What is dynamic pricing?

Put simply, there will be days where supply and demand will be very different depending on the time of day. In the morning you may have lower rates because your occupancy is low, as is demand.

Many factors can drive this, such as competitors putting up their no vacancy signs or setting rates slightly too high, or travellers arriving late for events the next day and so on. You can raise your rates to take advantage of the shifting market and earn more revenue than if you'd kept your rates static.

What is an open pricing ?

Open pricing defines the flexibility hotels around the globe have to set their prices at different levels depending on the various target markets and distribution channels they deal with.

This luxury of choice allows hotels to forecast more accurately. For example, a high-end hotel may usually attract guests who no budget constraints but the off-season, bookings will drop and the hotel can drop rates to attract travellers who normally would not be able to afford the stay. While the average daily rate of the hotel will be lower, occupancy will remain steady and revenue will continue to turnover.

Other hotel pricing strategies:

There are numerous pricing strategies you can use at your hotel as part of your broader revenue management strategy, many of them in conjunction. Here's a list of the most common pricing strategies your hotel might find useful.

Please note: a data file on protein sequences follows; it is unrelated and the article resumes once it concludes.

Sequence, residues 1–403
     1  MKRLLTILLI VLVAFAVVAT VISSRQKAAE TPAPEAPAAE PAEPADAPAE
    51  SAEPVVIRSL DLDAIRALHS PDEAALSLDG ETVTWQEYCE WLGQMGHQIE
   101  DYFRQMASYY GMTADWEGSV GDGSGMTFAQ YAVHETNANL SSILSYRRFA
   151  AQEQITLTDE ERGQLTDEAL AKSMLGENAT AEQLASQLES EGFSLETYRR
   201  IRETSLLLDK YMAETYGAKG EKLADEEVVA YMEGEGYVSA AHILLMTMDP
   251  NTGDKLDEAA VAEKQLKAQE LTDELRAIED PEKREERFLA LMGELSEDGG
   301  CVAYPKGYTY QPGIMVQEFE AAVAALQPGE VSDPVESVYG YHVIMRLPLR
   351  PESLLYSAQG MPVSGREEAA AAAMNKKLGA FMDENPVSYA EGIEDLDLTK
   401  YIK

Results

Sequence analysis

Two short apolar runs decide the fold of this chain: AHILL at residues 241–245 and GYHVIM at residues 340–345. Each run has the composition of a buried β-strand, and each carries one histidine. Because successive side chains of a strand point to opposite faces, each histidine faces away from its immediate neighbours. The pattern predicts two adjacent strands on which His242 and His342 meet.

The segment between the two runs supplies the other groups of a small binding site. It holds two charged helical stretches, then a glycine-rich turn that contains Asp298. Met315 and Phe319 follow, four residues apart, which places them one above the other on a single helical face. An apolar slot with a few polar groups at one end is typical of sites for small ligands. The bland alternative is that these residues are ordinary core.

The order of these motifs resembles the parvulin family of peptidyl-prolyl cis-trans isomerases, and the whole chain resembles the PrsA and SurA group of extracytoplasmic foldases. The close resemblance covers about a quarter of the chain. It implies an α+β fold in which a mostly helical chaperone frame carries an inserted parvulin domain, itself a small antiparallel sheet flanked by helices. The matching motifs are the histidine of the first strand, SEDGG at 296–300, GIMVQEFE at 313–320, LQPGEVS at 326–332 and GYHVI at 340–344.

Value-added pricing

You can set your room rates higher than the local competition while also offering more extras in the basic package. This gives the illusion that the hotel offers a premium experience that focuses on value rather than just low rates.

Discount pricing

Used in slow seasons to boost occupancy by dropping base rates. Revenue can be made up of other services in the hotel.

Price per segment

Offering the same product at different prices to different types of customers. E.g. 'family rate'

Length of stay

When demand outweighs supply, it can help to implement a rule where guests are 'obligated' to stay a minimum number of days. In such cases, lower rates may not be necessary.

Positional pricing

Basing your rates off-brand strength and reputation.

Penetration pricing

Positioning you as the cheapest in the market. Be mindful of how travellers will perceive your hotel – you need to retain the opportunity to sell at higher rates.


Positioning your hotel among the most expensive. Price leaders often achieve among the highest profitability, however, the consumers need to clearly understand the reasons that they would pay more for staying at your hotel.

What is revenue management for the hospitality industry?

Revenue management refers to the strategic distribution and pricing tactics you use to sell your property's perishable inventory to the right guests at the right time, to boost revenue growth. Other products such as your amenities and food and beverage offerings will also come into the picture.

Revenue management revolves around the measurement of what customers from different segments are willing to pay, and this can only be done by measuring and monitoring the supply and demand of your hotel rooms.

Every traveller has a maximum value they can offer your hotel; revenue management is about capturing as much of this value as you possibly can. Preferably you'll do this by convincing the guest to book direct, purchase extensions, up-sells or extras, and become a return visitor.